I was in Ireland in September of 1976, a while ago. I’ve been desperately trying to get back. Hopefully, I’ll be granted a Fullbright award to go to Oideas Gael in Gleann Cholm Cille, Donegal in August of this year. I have been studying the Irish language for 4 years. I love Ireland & everything about it. I feel it’s my true home. Even though I was born in the US all my relatives came from Ireland. I am second generation Irish American. I NEED to be in Ireland!!!!!

  • Linda Wilson Stevenson says:

    hi There, going to Ireland in July 2016 dad was born in Ireland and the family as far back as time where all farmers..but like everyone else who has relatives in Ireland or past relatives I also feel the pull to get there..My family are from the north near Giants Causeway..

  • Annwyn says:

    Now and again I come across words which are very similar to Welsh, although the two languages are very different, In Welsh a cup is cwpan and tea is tê as in the latin word tecum. (At the moment I can’t think of a rhyming word). I love seeing and hearing the language and I know that Ireland is working on keeping the language alive. I teach Welsh so I can understand the importance of saving languages from extinction. The saving grace for the Welsh language was having the Bible in Welsh so that services could be in Welsh and Bible studies could be in Welsh. I often wonder if my Tipperary relatives spoke Irish. I hope they did. I also hope to visit the south this year. Any idea how I’d get there from Rosslare and how long it would take please? Have you posted a previous letter from Tipperary? Thanks.

    • Mike says:

      Good for you Annwyn – great to see the Welsh language in good shape. Rosslare is about 2.5 hours from Cork City. Mike.

  • Marilyn Sliva says:

    I’m with Sue. I have longed to visit Ireland for a long time – and this year will finally get there. I actually just completed plans with a sister-in-law (who has been there 4 times) & she is going to help my sister & I with the planning. Even though I have no idea where my ancestors are from yet – I can’t wait to visit. Beautiful pictures, as always, Mike.

  • Chris McAllen says:

    Oh, this is great. I’ll be basing myself in Cork city for 4 weeks beginning March 10, chasing down my Cork ancestors. I’ll for sure try to get over to Sheep’s Head. Looks like a place not to miss.

  • jan killelea says:

    my family came from gaway bay area my great grandfather became the first lord mayor of shellharbour in south NSW Australia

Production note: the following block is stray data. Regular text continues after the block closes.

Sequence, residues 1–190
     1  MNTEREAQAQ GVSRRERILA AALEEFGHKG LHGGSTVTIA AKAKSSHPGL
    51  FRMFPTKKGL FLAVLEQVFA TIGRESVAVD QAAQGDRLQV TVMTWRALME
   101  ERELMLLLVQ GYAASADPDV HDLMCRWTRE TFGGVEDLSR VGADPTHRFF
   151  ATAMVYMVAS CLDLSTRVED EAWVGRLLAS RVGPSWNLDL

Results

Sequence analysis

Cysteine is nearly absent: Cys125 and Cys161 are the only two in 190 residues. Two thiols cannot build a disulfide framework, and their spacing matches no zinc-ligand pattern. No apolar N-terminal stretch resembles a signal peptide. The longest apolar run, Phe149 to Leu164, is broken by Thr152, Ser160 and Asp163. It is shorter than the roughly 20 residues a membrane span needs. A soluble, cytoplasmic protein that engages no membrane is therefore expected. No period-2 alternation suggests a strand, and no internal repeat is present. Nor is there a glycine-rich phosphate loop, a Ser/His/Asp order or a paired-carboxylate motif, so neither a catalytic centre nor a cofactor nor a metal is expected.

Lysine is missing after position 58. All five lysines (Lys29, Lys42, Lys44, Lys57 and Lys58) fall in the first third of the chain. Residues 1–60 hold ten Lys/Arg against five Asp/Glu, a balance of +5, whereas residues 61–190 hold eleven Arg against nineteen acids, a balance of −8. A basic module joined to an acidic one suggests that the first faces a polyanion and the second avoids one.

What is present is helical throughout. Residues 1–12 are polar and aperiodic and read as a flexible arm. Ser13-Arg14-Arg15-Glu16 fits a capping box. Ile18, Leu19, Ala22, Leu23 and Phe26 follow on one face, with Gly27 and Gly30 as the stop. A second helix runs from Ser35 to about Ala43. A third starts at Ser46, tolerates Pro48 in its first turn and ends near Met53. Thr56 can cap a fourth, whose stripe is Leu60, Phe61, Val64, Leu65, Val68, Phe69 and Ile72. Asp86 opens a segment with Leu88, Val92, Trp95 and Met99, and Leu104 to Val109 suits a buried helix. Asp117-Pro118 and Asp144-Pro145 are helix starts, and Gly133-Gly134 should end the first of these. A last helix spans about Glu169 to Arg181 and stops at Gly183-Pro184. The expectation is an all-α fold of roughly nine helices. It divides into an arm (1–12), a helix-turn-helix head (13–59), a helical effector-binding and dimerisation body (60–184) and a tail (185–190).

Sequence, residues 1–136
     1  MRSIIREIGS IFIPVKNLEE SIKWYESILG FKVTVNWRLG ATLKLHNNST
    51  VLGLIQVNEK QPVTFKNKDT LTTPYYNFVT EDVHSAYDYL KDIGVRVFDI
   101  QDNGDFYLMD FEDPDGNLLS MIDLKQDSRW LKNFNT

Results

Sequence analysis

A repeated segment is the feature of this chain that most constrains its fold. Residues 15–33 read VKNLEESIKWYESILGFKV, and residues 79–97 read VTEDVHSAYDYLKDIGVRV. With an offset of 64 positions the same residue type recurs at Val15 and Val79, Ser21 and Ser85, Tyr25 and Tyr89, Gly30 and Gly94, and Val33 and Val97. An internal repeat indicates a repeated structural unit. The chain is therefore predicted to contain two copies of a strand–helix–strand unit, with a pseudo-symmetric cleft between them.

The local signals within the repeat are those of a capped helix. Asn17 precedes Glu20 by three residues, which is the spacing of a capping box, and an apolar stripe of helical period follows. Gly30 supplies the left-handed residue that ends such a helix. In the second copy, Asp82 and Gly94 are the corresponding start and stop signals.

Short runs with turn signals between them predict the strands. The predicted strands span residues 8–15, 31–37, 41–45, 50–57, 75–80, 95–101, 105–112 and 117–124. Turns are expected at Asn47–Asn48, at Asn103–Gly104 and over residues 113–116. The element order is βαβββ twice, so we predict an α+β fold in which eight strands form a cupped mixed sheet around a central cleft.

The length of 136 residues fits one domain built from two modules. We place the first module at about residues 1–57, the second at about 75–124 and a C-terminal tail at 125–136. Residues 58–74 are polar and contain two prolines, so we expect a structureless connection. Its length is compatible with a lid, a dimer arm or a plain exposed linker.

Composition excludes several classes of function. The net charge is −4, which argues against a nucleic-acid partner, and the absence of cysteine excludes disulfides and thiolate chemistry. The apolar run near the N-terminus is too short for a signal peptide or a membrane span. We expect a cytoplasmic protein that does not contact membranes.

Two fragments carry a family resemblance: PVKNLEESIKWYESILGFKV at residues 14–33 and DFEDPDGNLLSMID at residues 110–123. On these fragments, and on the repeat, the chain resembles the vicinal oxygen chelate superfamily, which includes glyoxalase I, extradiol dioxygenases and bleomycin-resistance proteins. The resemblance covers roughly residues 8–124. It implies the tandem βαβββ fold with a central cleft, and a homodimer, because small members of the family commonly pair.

• Marge says:

    My. Cotter ancestor left Co. Cork for Glasgow in the 1870s. He was born in the 1850s but his parents Ann, Johanna, and Nan Cronin and Cornelius Cotter married in the 1830s. Those two stayed in the county during the Famine years…I wonder if they hadn’t had and lost an entire first family at this time? Sheer spec on my part.

    My Dunn ancestor left Co. Cavan with his parents, siblings, and first family at the peak of the Famine for Glasgow. They lived in crowded and I am assuming appalling conditions. All of his kids died or married and then died. One daughter married, had children, and was abandoned by an irresponsible loser. She and the kids ended up in the Glasgow poorhouse.

    In the 1860s, my Dunn ancestor was widowed and remarried a very short time later to my ancestress who was very much younger than he. They lived in a room and kitchen in Glasgow, where they had 4 boys and 1 of his sons remaining from his first marriage.

    There is so much more to the story of me but these are just a few highlights. 🙂

  • […] Letter 2: Touring West Cork with Kilcrohane Sue. […]

  • […] just off the coast of Southern Ireland – and counts as one the “Carbery Hundred Isles” of West Cork. Like much of the region of West Cork, it became a target for Copper Mining in the early 1800s […]

  • […] When travelling to Ireland, the best thing you can often do is slow down and connect with the landscape and the locals. We show how this might be done in the company of one of our readers. Click here to read the letter. […]